From a very young age I have felt unsatisfied with my appearance and how I was perceived by others. My entire life I have, for the most part, unconsciously repressed thoughts, feelings, and behaviours that were deemed unacceptable. I didn’t really know anything about gender identity/expression, or the difference between sex and gender, until highschool. It was hard processing what I had felt, as my childhood wasn’t the greatest. I grew up with a mother who was an abusive drug addict and a father who was an immigrant drug dealer. My father was deported before I could turn five, leaving my spiraling mother a single parent of two. At the age of eight I was sexually assaulted by a family member from then I began to struggle with extreme mental health issues. I didn’t acknowledge or even process the trauma, and overload of emotions that I had resulted in me battling with self-harm. I concealed myself from the world constantly feeling ashamed and lost. School was extremely difficult. I was picked on ever since I could remember, causing me to have social anxiety. When I entered middle school I was rehomed with my mothers immediate family, the journey moving house to house had just started. Seventh grade I shaved half of my head relieving some of the dysphoria I didn’t know at the time. I was put into therapy once my guardians realized what had been going on. Therapy allowed me to feel validated, recognized, understood – something I had never felt before. I started to feel comfortable enough to start experimenting with gender expression. Eighth grade I realized I liked girls and thought they were more than just pretty. I had my first girlfriend that year, we broke up and stayed best friends. That summer, before my freshman year, we went to San Diego Pride, it had been full of many firsts. I met new people and felt new things, after that weekend I felt different; more confident. My freshman year I came out as genderfluid, someone who fluctuates between more than one gender, or between having a gender and not having one. People mocked me and everything they could think of in terms of gender and sexuality. I chose to overlook what they said and move forward with my exploration with my identity. I came to the conclusion, while having a breakdown, my long curly hair just wasn’t for me and chopped it all [off] with a pair of scissors. Three days later I asked my guardian at the time, Nancy, my aunt, to take me to get a “Men’s” haircut. I had never felt so much relief in my thirteen years of life. That moment I realized I didn’t want to be seen as a female but male. But, wait. Me, TRANS? Will people even recognize me? I dove headfirst into the research and lives of other transgender individuals, seeing my own story reflected in their words. I wasn’t a freak or a “burden,” as the leader of our country likes to say. This was the validation I so needed so I could be sure of the emotions I had been feeling my whole life. I started to go by Leo, that lasted for a couple months no one really used other than my close friends. I didn’t really like the name so I chose Liam. It fit, it felt right. My friends and I started going to the Hill Crest Youth center, dedicated to the needs LGBTQ and non-binary youth, as well as youth living with HIV. I became closer to who at the time identified as a female, we started to date. My sophomore year, I connected with a fellow trans individual at my school. He gave me my first binder and currently plays a big role in my life. I joined GSA that year and started being active within the LGBTQ+ community, [and] my love for activism grew. My partner started questioning their gender identity and sexuality in return making me become more educated on other gender identities and sexualites. Supporting them and showing them how comfortable someone can be or become with themselves had helped them come to the conclusion they were trans themselves. The following summer we broke up, I learned a lot from that relationship and what non-toxic love is really like. He made me realize I wanted to work within my community and strive to gain knowledge as well as help others like us. Which led [to] me becoming the Gender sexuality alliance president my junior year. Being the president made me feel important and like I can make change and help educate others and myself better than I could before. I made a step and I started to identify as nonbinary, a person whose gender is not male or female, and use many different terms to describe themselves. A lot of people have it in their head that we wake up and decide to be trans. I want people to know that it’s not a choice. Nothing has happened in my life to make me trans. I was born trans. My family not being as supportive at the time made me seek out a gender therapist in order to make my identity recognized, and [t]he urgency on my transition. It didn’t last. My guardian disliked the therapist but started to call me by my name and use my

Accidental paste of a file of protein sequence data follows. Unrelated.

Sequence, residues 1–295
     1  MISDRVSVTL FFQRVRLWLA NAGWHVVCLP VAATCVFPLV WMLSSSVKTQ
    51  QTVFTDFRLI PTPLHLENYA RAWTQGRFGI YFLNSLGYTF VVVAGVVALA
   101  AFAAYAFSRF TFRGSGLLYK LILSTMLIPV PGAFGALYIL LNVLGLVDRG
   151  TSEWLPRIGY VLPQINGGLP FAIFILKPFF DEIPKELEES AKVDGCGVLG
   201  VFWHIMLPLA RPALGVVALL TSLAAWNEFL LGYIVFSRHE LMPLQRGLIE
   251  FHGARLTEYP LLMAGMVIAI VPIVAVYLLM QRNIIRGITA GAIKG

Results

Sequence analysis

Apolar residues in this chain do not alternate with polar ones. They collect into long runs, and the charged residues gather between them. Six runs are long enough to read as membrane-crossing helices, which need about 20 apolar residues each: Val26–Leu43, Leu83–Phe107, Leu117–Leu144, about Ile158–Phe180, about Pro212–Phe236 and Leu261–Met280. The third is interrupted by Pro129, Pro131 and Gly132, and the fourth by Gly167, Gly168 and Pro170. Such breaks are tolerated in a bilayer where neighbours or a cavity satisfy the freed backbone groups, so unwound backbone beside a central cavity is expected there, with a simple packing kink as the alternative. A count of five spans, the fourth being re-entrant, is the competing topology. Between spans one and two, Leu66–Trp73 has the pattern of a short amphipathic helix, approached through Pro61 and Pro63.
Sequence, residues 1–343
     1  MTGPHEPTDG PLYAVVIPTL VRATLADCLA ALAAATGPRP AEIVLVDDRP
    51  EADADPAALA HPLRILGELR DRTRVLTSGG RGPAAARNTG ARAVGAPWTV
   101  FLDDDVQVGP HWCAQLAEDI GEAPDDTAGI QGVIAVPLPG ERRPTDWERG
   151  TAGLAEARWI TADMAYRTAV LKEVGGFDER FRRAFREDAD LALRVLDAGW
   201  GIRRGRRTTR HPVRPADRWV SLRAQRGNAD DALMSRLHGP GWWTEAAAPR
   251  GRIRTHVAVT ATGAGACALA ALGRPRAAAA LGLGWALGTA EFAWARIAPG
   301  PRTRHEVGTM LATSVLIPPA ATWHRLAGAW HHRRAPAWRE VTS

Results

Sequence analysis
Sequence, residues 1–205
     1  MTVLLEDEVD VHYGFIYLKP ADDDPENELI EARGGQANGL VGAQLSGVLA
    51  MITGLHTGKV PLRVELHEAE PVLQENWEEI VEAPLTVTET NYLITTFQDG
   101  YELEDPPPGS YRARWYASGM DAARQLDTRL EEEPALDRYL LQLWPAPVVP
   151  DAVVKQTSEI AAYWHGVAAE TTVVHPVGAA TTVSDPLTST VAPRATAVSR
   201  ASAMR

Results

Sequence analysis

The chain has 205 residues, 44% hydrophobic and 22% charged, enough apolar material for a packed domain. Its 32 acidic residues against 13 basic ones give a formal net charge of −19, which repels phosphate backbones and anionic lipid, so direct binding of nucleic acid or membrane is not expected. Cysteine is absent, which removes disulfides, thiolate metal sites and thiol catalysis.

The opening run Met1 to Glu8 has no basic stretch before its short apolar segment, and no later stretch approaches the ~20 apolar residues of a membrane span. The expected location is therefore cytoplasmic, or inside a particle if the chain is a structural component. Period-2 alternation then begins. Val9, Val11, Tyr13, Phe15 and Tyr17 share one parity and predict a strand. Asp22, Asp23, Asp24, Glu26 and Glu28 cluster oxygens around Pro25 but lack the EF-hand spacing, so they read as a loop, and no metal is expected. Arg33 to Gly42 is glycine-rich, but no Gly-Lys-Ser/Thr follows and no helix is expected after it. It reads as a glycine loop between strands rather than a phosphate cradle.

pronouns, she eventually even got other family members to stop using my deadname. My sophomore year I had [an] internship with San Diego Pride’s communications and marketing team. It was fulfilling and gave me new goals to achieve for my future career as well as insight on how working within the community feels like. With that opportunity I learned a lot of new things and came out with a different outlook on office jobs.